“What do you want to be when you grow up?”
This is a question we’re asked from a young age, ingraining the idea that a person’s profession defines who they are. But for many people, our relationship to “what we do” is much more complicated.
Theatre UCF’s production of Working explores the meaning we find in our jobs through the perspectives of waitresses, custodians, firemen, teachers, laborers and more, bringing a voice to the often-overlooked workers that make up American society. At UCF, Working opens Thursday, Oct. 20 at the Main Stage theater at 7:30 p.m. and runs through Oct. 30.
Written by Stephen Schwartz and Nina Faso, Working debuted on Broadway in 1977 as an adaptation of Studs Terkel’s 1974 book of interviews with laborers across the nation. In 2012, the production was adapted to include new characters and songs representing the modern workforce.
“We’ve been amazed through the whole rehearsal process how stories recorded in 1977 and 2012 still resonate today,” Director Earl Weaver, a UCF associate professor who will soon retire from the university. “I hope people will leave with a new appreciation and respect for what workers do in every kind of job. We want the audience to find compassion and empathy by experiencing what our characters experience and take those feelings and share them with everyone they encounter.”
Because the show centers around professions most people either have or interact with daily, many cast members feel a personal connection to the characters they play. Johnny Flannagan, a musical theatre BFA student, is reminded of his father when performing the songs and monologues of Mike Dillard, a steelworker, and Tom Patrick, an ex-police officer turned fireman.
“When I get into character, I tend to think about my father, because he was also a physical laborer and ex-cop. He worked many, many, hours a week. He would come home, eat dinner, sleep, wake up and do it again,” Flannagan says. “Every audience and cast member can relate to the show because it is about them.”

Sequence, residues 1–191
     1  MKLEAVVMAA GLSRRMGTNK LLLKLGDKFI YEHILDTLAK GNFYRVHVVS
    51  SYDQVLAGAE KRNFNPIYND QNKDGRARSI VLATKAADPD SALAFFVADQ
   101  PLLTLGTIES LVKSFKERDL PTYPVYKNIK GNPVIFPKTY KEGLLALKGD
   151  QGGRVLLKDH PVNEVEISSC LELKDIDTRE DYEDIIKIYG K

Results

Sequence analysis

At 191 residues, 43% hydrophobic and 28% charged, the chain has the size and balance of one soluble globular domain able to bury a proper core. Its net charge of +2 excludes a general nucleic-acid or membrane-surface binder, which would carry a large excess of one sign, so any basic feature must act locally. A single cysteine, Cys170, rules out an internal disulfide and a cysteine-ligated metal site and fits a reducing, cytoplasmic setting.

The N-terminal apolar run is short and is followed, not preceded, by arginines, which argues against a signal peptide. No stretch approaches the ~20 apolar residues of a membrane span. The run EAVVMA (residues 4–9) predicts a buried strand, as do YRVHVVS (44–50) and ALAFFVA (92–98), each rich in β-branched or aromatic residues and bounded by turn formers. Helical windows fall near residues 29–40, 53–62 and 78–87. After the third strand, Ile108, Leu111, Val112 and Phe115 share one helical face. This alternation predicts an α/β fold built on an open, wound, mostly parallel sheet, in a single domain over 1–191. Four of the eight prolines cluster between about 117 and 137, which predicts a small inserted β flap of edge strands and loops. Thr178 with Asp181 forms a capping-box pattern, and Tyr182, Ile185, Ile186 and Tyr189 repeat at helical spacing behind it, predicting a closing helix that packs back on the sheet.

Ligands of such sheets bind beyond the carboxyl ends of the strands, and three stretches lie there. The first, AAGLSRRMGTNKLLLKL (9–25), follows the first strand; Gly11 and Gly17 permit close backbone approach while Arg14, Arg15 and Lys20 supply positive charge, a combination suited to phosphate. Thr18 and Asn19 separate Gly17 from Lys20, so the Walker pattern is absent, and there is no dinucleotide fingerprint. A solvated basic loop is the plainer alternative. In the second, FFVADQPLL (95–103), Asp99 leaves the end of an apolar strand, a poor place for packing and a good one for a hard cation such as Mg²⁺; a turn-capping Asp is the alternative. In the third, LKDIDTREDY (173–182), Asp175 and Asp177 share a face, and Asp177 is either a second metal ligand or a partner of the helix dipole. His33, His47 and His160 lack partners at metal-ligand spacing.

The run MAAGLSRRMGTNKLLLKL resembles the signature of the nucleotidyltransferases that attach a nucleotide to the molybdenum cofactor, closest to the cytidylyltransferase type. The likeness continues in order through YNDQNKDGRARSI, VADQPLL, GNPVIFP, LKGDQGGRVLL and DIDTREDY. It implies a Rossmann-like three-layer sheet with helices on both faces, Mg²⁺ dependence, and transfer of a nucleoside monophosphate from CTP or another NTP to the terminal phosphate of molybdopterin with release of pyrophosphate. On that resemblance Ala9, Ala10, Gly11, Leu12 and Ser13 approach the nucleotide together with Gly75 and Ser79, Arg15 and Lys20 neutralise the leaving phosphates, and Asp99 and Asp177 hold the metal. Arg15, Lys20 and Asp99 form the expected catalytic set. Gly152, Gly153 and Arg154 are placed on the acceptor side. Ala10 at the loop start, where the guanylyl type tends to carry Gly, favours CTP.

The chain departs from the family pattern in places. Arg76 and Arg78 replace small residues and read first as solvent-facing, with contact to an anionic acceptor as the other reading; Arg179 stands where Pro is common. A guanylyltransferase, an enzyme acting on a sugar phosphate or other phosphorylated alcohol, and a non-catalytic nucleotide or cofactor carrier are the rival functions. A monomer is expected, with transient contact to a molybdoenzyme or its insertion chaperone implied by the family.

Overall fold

The inclusive message of Working is reflected in its stage direction, which showcases each of the more than 30 student designers and actors working together to produce the show, even those working behind-the-scenes.
“The audience will get a behind-the-scenes perspective when they arrive at the theatre – they’ll get to see some of the inner workings of preparation for the performance,” Weaver says.
Kaitlyn Gamory, a junior studying theatre technology and design, serves as a sound designer for Working. Her work on the production has made her realize that there’s no such thing as a small role — in theater, or in life.
“This is the first production I’ve heard of that highlights all cast members in this manner,” Gamory says. “I think it’s a way of recognizing that even though we’re watching a show about working, there are still people working to make it happen. As someone who works off-stage, I think it’s cool that we are acknowledged in that fashion in front of the audience.”
Students in the production, as well as Weaver, describe the rehearsal atmosphere as being especially personal and meaningful.
“Every person is appreciated and seen and heard in this entire production,” says Ella Zarrilli, a musical theatre freshman who plays three different ensemble roles in the show. “Seeing everyone be so passionate about what they’re doing and putting in the work and seeing that result come together has been such a rewarding experience.”